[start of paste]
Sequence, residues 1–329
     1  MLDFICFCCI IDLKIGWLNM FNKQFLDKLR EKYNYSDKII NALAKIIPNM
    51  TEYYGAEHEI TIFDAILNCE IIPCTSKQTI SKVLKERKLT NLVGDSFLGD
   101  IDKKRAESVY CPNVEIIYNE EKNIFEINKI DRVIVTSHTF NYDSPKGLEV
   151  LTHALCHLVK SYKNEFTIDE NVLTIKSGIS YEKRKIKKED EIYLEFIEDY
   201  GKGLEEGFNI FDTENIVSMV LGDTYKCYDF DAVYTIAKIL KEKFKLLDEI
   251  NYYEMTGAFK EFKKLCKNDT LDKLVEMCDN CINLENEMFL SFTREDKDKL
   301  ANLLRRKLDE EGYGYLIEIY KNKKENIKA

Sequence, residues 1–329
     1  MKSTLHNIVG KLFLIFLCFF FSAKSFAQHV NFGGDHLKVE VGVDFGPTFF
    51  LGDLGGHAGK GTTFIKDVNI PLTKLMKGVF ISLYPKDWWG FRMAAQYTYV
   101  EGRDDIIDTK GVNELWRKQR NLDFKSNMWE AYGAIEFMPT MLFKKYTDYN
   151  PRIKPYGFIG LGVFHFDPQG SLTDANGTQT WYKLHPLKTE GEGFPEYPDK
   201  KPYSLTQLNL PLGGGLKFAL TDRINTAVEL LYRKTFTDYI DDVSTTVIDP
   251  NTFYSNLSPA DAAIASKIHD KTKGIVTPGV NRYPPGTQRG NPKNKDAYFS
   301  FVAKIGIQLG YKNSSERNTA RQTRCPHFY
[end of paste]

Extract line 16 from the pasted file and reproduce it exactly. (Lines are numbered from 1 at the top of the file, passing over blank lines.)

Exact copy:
   301  FVAKIGIQLG YKNSSERNTA RQTRCPHFY